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dc.contributor.authorBaltensperger, Kurt
dc.contributor.authorKaroor, Vijaya
dc.contributor.authorPaul, Hyacinth
dc.contributor.authorRuoho, Arnold E.
dc.contributor.authorCzech, Michael P.
dc.contributor.authorMalbon, Craig C.
dc.date2022-08-11T08:10:04.000
dc.date.accessioned2022-08-23T16:54:14Z
dc.date.available2022-08-23T16:54:14Z
dc.date.issued1996-01-12
dc.date.submitted2008-08-15
dc.identifier.citation<p>J Biol Chem. 1996 Jan 12;271(2):1061-4.</p>
dc.identifier.issn0021-9258 (Print)
dc.identifier.doi10.1074/jbc.271.2.1061
dc.identifier.pmid8557631
dc.identifier.urihttp://hdl.handle.net/20.500.14038/42456
dc.description.abstractG-protein-linked receptors and intrinsic tyrosine-kinase growth receptors represent two prominent modalities in cell signaling. Cross-regulation among members of both receptor superfamilies has been reported, including the counter-regulatory effects of insulin on beta-adrenergic catecholamine action. Cells stimulated by insulin show loss of function and increased phosphotyrosine content of beta 2-adrenergic receptors. Phosphorylation of tyrosyl residues 350/354 of beta 2-adrenergic receptors is obligatory for counter-regulation by insulin (Karoor, V., Baltensperger, K., Paul, H., Czech, M., and Malbon, C. C. (1995) J. Biol. Chem. 270, 25305-25308), suggesting the hypothesis that G-protein-linked receptors themselves may act as substrates for the insulin receptor and other growth factor receptors. This hypothesis was evaluated directly using recombinant human insulin receptor, hamster beta 2-adrenergic receptor, and an vitro reconstitution and phosphorylation assay. Insulin is shown to stimulate insulin receptor-catalyzed phosphorylation of the beta 2-adrenergic receptor. Phosphoamino acid analysis establishes that insulin receptor-catalyzed phosphorylation of the beta 2-adrenergic receptor in vitro is confined to phosphotyrosine. High pressure liquid chromatography and two-dimensional mapping reveal insulin receptor-catalyzed phosphorylation of the beta 2-adrenergic receptor at residues Tyr132/Tyr141, Tyr350/Tyr354, and Tyr364, known sites of phosphorylation in response to insulin in vivo. Insulin-like growth factor-I receptor as well as the insulin receptor displays the capacity to phosphorylate the beta 2-adrenergic receptor in vitro, establishing a new paradigm, i.e. G-protein-linked receptors acting as substrates for intrinsic tyrosine kinase growth factor receptors.
dc.language.isoen_US
dc.relation<p><a href="http://www.ncbi.nlm.nih.gov/entrez/query.fcgi?db=pubmed&cmd=Retrieve&list_uids=8557631&dopt=Abstract">Link to Article in PubMed</a></p>
dc.relation.urlhttps://doi.org/10.1074/jbc.271.2.1061
dc.subjectAmino Acid Sequence
dc.subjectAnimals
dc.subjectCHO Cells
dc.subjectCricetinae
dc.subjectGTP-Binding Proteins
dc.subjectHumans
dc.subjectMolecular Sequence Data
dc.subjectPhosphorylation
dc.subjectReceptor Protein-Tyrosine Kinases
dc.subjectReceptor, IGF Type 1
dc.subjectReceptor, Insulin
dc.subjectReceptors, Adrenergic, beta-2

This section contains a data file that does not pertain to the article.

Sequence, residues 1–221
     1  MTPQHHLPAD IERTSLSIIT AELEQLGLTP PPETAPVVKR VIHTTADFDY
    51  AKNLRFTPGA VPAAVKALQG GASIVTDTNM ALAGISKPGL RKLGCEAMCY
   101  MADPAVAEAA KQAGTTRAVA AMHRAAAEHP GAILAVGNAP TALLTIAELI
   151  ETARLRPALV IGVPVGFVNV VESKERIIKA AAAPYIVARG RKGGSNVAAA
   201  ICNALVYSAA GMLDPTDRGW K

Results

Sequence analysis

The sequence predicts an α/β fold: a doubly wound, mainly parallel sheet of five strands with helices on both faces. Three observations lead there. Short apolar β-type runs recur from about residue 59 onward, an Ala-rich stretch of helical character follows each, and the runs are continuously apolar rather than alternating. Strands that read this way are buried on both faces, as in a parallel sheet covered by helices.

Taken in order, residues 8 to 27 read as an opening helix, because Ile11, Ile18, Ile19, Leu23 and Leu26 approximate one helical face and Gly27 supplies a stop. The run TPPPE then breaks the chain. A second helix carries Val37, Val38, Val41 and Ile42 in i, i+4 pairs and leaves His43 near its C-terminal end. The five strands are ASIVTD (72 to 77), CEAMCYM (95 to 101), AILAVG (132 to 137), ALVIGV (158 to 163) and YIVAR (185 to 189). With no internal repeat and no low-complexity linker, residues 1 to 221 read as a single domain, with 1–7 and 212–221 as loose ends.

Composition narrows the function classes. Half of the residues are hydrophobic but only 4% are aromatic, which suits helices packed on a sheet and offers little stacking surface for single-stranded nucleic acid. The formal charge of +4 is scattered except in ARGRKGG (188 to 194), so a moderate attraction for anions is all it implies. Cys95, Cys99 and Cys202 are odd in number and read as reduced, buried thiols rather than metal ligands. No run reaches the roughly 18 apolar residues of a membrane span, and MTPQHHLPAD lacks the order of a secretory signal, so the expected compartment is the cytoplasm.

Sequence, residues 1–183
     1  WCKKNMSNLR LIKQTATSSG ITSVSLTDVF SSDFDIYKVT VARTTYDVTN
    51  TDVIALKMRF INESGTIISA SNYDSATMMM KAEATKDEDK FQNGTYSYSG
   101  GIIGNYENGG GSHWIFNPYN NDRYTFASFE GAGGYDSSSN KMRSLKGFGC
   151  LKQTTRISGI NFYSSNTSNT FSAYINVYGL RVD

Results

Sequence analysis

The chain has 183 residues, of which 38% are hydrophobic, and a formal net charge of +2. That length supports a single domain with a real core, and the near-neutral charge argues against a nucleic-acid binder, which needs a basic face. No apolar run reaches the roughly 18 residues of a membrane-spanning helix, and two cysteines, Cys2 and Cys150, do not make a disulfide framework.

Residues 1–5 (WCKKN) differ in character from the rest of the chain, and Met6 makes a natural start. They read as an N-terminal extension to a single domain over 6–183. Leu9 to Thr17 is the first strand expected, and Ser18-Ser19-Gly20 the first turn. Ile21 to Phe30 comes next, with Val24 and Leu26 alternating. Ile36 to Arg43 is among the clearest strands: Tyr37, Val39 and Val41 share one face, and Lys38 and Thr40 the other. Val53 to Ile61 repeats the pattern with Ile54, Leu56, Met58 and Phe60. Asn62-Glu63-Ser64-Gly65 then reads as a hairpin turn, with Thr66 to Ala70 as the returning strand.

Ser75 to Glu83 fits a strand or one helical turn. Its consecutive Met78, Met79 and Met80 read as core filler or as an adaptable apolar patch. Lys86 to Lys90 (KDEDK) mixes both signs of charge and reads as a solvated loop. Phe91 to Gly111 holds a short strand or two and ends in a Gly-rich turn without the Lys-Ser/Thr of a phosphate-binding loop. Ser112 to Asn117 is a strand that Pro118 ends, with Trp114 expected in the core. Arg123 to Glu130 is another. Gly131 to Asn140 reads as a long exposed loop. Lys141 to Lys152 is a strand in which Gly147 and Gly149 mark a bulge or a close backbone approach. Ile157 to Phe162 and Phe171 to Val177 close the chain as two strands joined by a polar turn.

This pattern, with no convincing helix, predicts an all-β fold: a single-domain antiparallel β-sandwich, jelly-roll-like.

dc.subjectRecombinant Proteins
dc.subjectSubstrate Specificity
dc.subjectLife Sciences
dc.subjectMedicine and Health Sciences
dc.titleThe beta-adrenergic receptor is a substrate for the insulin receptor tyrosine kinase
dc.typeArticle
dc.source.journaltitleThe Journal of biological chemistry
dc.source.volume271
dc.source.issue2
dc.identifier.legacycoverpagehttps://escholarship.umassmed.edu/oapubs/803
dc.identifier.contextkey579688
html.description.abstract<p>G-protein-linked receptors and intrinsic tyrosine-kinase growth receptors represent two prominent modalities in cell signaling. Cross-regulation among members of both receptor superfamilies has been reported, including the counter-regulatory effects of insulin on beta-adrenergic catecholamine action. Cells stimulated by insulin show loss of function and increased phosphotyrosine content of beta 2-adrenergic receptors. Phosphorylation of tyrosyl residues 350/354 of beta 2-adrenergic receptors is obligatory for counter-regulation by insulin (Karoor, V., Baltensperger, K., Paul, H., Czech, M., and Malbon, C. C. (1995) J. Biol. Chem. 270, 25305-25308), suggesting the hypothesis that G-protein-linked receptors themselves may act as substrates for the insulin receptor and other growth factor receptors. This hypothesis was evaluated directly using recombinant human insulin receptor, hamster beta 2-adrenergic receptor, and an vitro reconstitution and phosphorylation assay. Insulin is shown to stimulate insulin receptor-catalyzed phosphorylation of the beta 2-adrenergic receptor. Phosphoamino acid analysis establishes that insulin receptor-catalyzed phosphorylation of the beta 2-adrenergic receptor in vitro is confined to phosphotyrosine. High pressure liquid chromatography and two-dimensional mapping reveal insulin receptor-catalyzed phosphorylation of the beta 2-adrenergic receptor at residues Tyr132/Tyr141, Tyr350/Tyr354, and Tyr364, known sites of phosphorylation in response to insulin in vivo. Insulin-like growth factor-I receptor as well as the insulin receptor displays the capacity to phosphorylate the beta 2-adrenergic receptor in vitro, establishing a new paradigm, i.e. G-protein-linked receptors acting as substrates for intrinsic tyrosine kinase growth factor receptors.</p>
dc.identifier.submissionpathoapubs/803
dc.contributor.departmentProgram in Molecular Medicine and the Department of Biochemistry and Molecular Biology
dc.source.pages1061-4


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